Pratt Students Comb Libraries for Spring Library Scavenger Hunt

Post by Deric Hardy, Assistant Librarian for Science and Engineering, and Allison McIntyre, Communications Consultant for Graduate Communications and Intercultural Programs, Pratt School of Engineering


Engineering students by nature are inquisitive, analytical thinkers, and naturally fond of seeking scholarly pursuits!

This affinity for intellectual curiosity led teams of EGR 506 and 706 students to the Perkins, Bostock, and Rubenstein Libraries for the spring edition of the Engineering Library Scavenger Hunt on Jan. 22-23.

Engineering students explored the many different areas of Perkins, Bostock, and Rubenstein with the hopes of being the first team to complete 23 scavenger hunt missions with the most points at the end of one hour. One of those missions required teams to use the library website to locate two different engineering books as well as find a book in their native language. Another task included having students browse our exhibit galleries to discover the “hidden figure” who taught Charles Darwin to stuff birds.

Students also learned about the history of Duke University in the Gothic Reading Room and searched for one of our former Duke Presidents. Other missions included finding the Oasis, Nicholas Family International Reading Room, Prayer and Meditation Room, Project Room #9, the OIT Help Desk in the Link, and the Librarian for Science and Engineering at the Perkins Service Desk.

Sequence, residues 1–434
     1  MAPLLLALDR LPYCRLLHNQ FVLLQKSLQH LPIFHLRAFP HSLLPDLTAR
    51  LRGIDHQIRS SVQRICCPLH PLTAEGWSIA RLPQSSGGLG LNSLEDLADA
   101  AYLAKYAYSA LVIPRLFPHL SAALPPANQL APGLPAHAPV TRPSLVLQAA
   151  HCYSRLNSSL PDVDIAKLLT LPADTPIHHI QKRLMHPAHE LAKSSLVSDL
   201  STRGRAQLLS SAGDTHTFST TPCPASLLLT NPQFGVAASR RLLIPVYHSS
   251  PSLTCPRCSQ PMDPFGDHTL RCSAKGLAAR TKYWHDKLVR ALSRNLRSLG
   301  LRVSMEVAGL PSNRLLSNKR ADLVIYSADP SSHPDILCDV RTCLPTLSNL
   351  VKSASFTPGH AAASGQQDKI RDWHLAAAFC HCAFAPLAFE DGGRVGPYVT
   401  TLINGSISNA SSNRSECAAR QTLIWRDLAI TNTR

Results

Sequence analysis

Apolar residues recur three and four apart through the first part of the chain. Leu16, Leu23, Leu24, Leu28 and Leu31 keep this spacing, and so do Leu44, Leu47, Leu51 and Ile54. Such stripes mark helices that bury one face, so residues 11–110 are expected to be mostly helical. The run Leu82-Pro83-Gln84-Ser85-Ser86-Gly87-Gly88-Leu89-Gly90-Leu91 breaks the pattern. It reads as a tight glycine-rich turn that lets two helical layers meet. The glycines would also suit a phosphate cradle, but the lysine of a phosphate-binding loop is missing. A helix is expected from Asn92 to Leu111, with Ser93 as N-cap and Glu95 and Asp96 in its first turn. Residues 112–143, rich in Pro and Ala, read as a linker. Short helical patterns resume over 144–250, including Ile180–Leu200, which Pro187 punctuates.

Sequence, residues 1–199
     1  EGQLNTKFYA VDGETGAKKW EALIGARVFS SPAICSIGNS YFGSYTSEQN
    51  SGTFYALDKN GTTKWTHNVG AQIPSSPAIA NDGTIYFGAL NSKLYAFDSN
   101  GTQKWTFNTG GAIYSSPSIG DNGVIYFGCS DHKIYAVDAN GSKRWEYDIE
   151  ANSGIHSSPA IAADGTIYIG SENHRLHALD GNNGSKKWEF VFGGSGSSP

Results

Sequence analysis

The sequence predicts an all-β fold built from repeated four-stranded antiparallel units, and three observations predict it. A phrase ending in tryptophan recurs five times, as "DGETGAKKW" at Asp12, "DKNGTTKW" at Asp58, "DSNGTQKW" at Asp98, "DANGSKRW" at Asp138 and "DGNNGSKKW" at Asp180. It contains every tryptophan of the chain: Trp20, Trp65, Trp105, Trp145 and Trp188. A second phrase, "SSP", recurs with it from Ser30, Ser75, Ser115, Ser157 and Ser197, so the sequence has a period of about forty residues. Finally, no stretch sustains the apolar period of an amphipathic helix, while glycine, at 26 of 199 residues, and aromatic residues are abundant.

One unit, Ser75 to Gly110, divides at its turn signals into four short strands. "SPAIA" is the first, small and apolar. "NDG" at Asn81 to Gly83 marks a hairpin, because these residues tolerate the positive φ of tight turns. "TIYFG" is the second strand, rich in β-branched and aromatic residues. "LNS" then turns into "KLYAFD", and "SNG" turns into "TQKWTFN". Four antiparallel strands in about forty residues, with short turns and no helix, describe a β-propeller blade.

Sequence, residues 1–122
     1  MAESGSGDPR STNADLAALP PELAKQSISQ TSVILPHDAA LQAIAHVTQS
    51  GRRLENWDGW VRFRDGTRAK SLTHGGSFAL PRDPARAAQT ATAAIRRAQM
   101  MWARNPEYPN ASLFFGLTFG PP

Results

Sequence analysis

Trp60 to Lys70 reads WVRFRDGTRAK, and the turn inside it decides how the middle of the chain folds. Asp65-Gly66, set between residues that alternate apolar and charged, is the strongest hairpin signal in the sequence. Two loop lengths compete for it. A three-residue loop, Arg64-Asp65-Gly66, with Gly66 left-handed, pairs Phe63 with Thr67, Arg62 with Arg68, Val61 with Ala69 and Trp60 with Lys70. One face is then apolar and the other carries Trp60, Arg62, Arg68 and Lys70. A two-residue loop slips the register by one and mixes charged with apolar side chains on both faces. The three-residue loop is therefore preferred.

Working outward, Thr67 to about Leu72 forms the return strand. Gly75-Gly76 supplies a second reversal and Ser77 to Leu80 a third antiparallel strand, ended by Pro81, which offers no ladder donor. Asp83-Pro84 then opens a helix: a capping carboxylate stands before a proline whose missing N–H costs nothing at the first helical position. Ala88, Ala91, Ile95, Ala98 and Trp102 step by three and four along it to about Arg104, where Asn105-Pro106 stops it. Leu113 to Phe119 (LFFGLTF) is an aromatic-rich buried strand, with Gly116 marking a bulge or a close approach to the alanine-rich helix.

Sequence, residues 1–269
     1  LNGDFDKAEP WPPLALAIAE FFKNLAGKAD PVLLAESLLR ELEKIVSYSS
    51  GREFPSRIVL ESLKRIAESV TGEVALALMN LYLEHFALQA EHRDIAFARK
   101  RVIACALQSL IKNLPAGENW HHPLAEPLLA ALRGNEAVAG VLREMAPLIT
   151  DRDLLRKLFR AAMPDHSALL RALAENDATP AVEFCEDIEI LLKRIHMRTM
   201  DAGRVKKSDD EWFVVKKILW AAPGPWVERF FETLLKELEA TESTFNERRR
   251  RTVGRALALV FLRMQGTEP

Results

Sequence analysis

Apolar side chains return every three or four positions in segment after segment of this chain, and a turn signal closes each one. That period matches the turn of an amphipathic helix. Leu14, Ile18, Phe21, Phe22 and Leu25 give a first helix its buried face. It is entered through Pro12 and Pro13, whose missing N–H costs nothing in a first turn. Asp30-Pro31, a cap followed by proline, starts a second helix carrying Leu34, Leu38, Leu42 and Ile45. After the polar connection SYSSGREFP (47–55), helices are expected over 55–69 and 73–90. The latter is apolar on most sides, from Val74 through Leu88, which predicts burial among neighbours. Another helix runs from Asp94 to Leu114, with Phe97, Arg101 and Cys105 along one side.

The purpose of this event was to provide engineering students with a great introduction to Duke University Libraries, promote greater awareness of library spaces, resources, and services, and provide a wonderful user experience to encourage many return visits!

This event was made possible through a collaborative partnership between Duke University Libraries and the Graduate Communications and Intercultural Programs.

If you have any questions, please contact Deric Hardy (deric.hardy@duke.edu) or Graduate Communications and Intercultural Programs in the Pratt School (gcip-pratt@duke.edu).

Two Events to Launch a New Book Series: Studies in the Grateful Dead

Join us for two author talks this semester and the launch of a new book series from Duke University Press, Studies in the Grateful Dead, exploring the iconic rock band’s lasting impact on American culture and the “long strange trip” their music is still taking today. 

Edited by Nicholas G. Merriweather, Executive Director of the Grateful Dead Studies Association and former Grateful Dead Archivist at the University of California–Santa Cruz, the new book series explores the musical and cultural significance, impact, and achievement of the Grateful Dead while reinventing the academic and popular discourse devoted to the band.